Energy as a National Security Challenge —Col. Dan Nolan @ Solar Summit

In his morning keynote at the sold-out Southern Solar Summit, Col. Dan Nolan (U.S. Army ret.) asked the musical question:
“When did our Marines become Birkenstock-wearing tree huggers?”
This was after some Marines asked for solar power so they wouldn’t have to haul fuel in long convoys, which were among the most dangerous missions. Most of that fuel was going into very inefficient generators to run very inefficient air conditioners in tents in the desert. Dealing with that got the military thinking about energy security: assured access to mission-critical energy.

Looking up, he asked:

“What is it we as a nation need to understand about our own energy security?”
He identified America’s strategic center of gravity as its economy. It’s very resilient but has vulnerabilities open to attack. So how do we secure those vulnerabilities?

The main vulnerabilities are:

  • Petroleum for transportation (99% of oil used in this sector)
    U.S. is world’s largest oil consumer 25% of world usage, 11 million barrels/day, 51% net imports, $1 billion/day imported oil, much of that money going to fuel foreign authoritarians and their militaries, plus spending on our military to defend it.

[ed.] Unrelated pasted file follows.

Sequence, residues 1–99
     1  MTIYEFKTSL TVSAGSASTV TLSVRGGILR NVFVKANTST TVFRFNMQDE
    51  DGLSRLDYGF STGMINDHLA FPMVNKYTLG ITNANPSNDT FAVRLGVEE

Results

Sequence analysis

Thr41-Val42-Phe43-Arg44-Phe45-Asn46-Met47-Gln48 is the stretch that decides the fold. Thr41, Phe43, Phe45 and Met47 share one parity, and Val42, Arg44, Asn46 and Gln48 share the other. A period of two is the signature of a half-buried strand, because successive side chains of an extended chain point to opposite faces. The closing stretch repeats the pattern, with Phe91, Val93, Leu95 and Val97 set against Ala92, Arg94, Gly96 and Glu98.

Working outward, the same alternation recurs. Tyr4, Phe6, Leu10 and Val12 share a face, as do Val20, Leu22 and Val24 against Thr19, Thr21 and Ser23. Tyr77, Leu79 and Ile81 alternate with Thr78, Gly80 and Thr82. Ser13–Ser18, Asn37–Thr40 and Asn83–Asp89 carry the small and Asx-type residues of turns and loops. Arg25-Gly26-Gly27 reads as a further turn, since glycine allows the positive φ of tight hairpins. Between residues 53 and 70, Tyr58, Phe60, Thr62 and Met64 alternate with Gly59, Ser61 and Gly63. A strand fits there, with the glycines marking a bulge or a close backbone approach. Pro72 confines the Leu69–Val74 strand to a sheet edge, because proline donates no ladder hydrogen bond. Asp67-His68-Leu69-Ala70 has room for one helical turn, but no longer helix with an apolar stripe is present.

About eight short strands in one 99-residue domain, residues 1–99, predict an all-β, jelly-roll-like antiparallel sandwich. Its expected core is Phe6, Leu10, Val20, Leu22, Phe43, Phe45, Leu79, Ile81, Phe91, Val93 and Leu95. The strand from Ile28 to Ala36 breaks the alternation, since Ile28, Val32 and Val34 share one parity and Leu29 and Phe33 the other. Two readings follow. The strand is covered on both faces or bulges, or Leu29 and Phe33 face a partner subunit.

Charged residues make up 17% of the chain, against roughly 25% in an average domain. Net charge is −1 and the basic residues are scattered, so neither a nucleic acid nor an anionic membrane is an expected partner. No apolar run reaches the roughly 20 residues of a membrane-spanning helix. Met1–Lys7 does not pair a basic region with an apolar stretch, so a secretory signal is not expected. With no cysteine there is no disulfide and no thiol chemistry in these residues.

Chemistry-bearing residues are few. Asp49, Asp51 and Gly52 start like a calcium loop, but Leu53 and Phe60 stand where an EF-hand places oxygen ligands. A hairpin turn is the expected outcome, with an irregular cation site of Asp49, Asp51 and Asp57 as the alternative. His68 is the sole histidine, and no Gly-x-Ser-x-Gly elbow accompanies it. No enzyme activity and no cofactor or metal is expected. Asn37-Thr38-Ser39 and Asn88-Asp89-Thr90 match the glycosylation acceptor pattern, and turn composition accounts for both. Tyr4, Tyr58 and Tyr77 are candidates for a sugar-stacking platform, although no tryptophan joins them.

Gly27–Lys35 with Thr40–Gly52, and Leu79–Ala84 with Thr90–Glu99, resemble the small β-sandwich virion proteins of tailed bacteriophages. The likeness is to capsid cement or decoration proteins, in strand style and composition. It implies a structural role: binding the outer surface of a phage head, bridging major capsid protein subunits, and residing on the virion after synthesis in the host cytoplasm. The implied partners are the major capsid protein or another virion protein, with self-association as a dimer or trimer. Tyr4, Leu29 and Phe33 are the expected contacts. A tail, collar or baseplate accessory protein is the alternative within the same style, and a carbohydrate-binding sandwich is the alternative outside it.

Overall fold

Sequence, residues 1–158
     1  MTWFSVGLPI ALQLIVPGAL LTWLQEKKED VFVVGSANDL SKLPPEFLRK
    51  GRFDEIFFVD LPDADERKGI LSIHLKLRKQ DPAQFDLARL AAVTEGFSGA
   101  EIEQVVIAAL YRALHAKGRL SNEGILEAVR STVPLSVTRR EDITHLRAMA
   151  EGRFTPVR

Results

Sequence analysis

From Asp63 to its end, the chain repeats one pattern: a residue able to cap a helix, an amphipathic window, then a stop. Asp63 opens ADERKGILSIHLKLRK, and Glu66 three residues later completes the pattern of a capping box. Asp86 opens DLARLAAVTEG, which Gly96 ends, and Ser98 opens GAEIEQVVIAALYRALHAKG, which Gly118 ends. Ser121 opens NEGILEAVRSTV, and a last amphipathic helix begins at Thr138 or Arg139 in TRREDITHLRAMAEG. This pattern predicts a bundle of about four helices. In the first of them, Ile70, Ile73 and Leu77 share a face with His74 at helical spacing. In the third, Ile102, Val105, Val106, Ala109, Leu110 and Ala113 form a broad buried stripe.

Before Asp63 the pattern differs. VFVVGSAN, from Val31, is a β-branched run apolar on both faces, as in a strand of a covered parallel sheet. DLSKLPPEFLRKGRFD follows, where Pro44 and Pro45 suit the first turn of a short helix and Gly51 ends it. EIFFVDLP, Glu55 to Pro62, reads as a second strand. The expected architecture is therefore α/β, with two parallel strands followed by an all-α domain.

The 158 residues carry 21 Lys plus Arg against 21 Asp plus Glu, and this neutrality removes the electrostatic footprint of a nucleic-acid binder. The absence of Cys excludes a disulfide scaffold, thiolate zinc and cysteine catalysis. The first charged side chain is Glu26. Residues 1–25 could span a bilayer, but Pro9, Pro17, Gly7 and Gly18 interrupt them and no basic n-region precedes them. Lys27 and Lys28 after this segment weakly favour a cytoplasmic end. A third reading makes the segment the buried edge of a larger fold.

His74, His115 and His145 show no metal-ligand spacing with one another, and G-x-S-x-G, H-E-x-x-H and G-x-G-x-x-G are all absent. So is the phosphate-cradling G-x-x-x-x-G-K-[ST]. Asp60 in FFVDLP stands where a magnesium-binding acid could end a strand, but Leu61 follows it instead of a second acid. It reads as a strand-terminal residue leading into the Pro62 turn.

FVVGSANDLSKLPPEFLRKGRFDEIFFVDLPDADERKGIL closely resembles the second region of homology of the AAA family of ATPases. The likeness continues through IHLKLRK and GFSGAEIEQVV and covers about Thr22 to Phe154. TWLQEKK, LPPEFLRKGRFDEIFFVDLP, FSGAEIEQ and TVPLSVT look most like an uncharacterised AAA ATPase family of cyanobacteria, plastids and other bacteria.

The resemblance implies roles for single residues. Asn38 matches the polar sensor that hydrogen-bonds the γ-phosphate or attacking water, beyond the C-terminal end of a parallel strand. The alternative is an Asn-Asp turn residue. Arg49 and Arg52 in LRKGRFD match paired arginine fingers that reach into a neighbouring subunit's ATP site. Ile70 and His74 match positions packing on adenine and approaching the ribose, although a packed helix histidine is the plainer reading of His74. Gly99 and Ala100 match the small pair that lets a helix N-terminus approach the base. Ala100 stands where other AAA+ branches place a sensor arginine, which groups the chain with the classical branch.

• Electricity for homes, businesses, industry
    Not a supply problem: an environmental problem, which can be replaced by renewables (solar, wind, tides). Also the brittle grid. Wouldn’t distributed generation be more secure?
Both are mostly unprotected. Especially oil: production, transportation, refineries, storage. Foreign oil dependence is U.S. greatest strategic problem: direct cost, drain on economy, vulnerability.

Looking at the military again, technology is the U.S. military’s center of gravity (COG), and that is powered by electricity, which is its critical vulnerability: remember those supply convoys. He said the military tends to be environmentalist because they have to use the same terrain repeatedly.

DoD employs more than 3 million people: nation’s largest employer and largest energy user. Many buildings (307,000, mostly old) and many acres (28.6 million, as big as Pennsylvania). Many opportunities for retrofitting for efficiency and conservation and for energy generation.

DoD has 252 solar PV initiatives (and many other types).

DoD FY2007 energy bill: $3.4 billion. Plenty of opportunity to reduce that, and to lead the entire U.S. economy to renewables.

Electricity drives the rest of the economy.

In 2001 U.S. military realized it had to reduce dependence on the brittle grid. Of 584 U.S. bases, 90% now have local renewable energy supplies which can take them off the grid and export power to local communities.

$1.9 billion DoD renewable energy market by 2025.

DoD is helping drive the U.S. economy towards renewable energy.


PS: These notes summarize points from throughout Col. Nolan’s talk, not necessarily in the order he gave them.